Kirsten Glass: Night-Scented Stock

24 November - 17 December 2022 Room 2
Kirsten Glass conjures images and gestures into layers of synchronicity. Circling between up to six paintings at a time, Glass allows the images to gradually come into their own, with their distinct shapes shifting through fields of colour. 
‘Each painting is an adventure’, says Glass. And while their formation is dependent on distinct painterly processes, Glass leaves room for ideas to change along the way. Incorporating materials such as glitter and thread, sewn through the back of the canvas, the paintings often veer into abstraction, their surfaces allowing for multiple readings. 
Certain patterns and images reappear throughout. On the use of stock images drawn from the internet, Glass describes their ‘generic picture-parts hiding their particularity, and at the same time becoming more alive or animated by their association with the rest of the painting’.

Night-Scented Stock (2022) contains a white triangle from a previous painting—one
of the many ‘scars’ that appear in Glass’ layered works. Here, a collection of forest
animals from a single stock image discovered upon googling ‘animal silhouettes’ is placed alongside the figure of a baby witch.
The incorporation of cut-outs relates to Glass’ use of sigils—symbols used in Chaos Magic that are imbued and arranged according to intent. In her paintings, Glass’ intent usually changes along the course of creation, allowing its own logic to come into being. 
The black background of Night-Scented Stock (2022) gradates into a Prussian blue glaze, resembling an open sky turning to night, enveloping the animals and witch in a heady atmosphere. Glass’ playful titling of the work relates to the type of flower that opens its petals towards the evening, around which point its scent peaks, but also to the stock images that informs her subject.

In an interview with Cathy Lomax in the catalogue accompanying Swimming Witches, Glass’ 2020 solo exhibition with Karsten Schubert, the artist described her approach as being like ‘an artisan doing jobs while the paintings are dreaming’. In Flying Dream (2022), the reference to stock imagery is less obvious, and the image really does appear as a dream.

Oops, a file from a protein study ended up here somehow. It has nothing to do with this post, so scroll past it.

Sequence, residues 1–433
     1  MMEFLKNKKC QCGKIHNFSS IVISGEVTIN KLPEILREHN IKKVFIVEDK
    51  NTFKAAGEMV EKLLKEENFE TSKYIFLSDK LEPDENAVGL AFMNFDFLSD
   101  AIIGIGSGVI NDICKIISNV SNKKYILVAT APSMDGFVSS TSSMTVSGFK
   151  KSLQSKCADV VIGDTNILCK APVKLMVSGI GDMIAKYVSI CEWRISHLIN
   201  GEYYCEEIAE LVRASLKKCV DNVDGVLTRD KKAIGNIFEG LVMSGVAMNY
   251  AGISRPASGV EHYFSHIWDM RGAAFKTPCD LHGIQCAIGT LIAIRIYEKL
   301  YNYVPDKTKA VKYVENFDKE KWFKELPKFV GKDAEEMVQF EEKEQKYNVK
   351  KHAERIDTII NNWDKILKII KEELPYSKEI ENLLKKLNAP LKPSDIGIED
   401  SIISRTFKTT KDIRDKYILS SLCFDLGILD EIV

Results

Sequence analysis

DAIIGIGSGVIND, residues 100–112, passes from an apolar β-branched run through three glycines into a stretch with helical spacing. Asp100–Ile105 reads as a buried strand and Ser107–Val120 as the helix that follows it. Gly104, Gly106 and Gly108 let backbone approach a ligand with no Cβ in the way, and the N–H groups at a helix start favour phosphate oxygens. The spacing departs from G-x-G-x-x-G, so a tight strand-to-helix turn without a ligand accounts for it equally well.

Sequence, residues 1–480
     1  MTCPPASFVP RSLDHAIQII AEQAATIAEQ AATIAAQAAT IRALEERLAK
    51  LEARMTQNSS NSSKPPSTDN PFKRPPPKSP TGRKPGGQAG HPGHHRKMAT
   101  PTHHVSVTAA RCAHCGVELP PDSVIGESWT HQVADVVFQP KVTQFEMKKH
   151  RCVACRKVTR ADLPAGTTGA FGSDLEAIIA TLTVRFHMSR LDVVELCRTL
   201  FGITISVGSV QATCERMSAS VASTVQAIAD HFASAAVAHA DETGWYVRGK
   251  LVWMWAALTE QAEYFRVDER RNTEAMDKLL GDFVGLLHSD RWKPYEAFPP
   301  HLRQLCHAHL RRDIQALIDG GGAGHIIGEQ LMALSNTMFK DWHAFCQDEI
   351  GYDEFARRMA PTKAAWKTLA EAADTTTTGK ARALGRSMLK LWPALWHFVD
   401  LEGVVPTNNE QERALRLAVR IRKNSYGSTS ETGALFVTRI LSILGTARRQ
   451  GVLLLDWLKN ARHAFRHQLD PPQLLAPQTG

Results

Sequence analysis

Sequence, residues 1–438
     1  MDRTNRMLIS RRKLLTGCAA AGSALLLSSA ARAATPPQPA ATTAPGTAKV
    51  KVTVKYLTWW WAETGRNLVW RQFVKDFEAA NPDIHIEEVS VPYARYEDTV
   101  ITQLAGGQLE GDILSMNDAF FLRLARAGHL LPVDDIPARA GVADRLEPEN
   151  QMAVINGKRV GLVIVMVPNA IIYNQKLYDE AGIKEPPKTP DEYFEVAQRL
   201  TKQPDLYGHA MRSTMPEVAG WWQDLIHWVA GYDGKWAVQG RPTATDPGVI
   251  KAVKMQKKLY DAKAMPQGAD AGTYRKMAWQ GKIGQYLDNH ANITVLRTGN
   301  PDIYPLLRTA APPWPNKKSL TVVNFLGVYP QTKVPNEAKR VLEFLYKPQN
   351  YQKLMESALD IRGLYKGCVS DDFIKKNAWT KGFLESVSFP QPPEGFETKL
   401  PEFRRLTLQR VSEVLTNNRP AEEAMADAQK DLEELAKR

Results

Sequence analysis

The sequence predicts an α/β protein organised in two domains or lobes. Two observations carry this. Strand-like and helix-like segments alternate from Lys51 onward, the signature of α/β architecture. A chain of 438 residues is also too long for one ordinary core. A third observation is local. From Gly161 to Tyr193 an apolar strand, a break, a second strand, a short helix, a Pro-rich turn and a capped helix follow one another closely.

Upon first glance, the viewer might not notice the female figure that appears to be pulling the hull of a boat into a smoky realm encased by curving yellow forms; or the one at the bottom, shrouded in blurred white paint against a black background; an undulating, fuchsia-pink form hovering to the left. 
Keeping close to the constraints of painting, Glass embraces working at immense scale, wary that going any further could push the works into installations. Another method of containment is the recurrence of certain patterns that provide a foundational grid. These include the flower of life—a sacred geometric form that consists of overlapping circles, used by Glass as ‘pictorial shorthand for the idea of potential’. The beauty of Glass’ paintings is that, once complete, this potential is infinite, with every viewer arriving at their own reading.
Kirsten Glass: Night-Scented Stock is accompanied by an exhibition booklet with writing by Tom Jeffreys.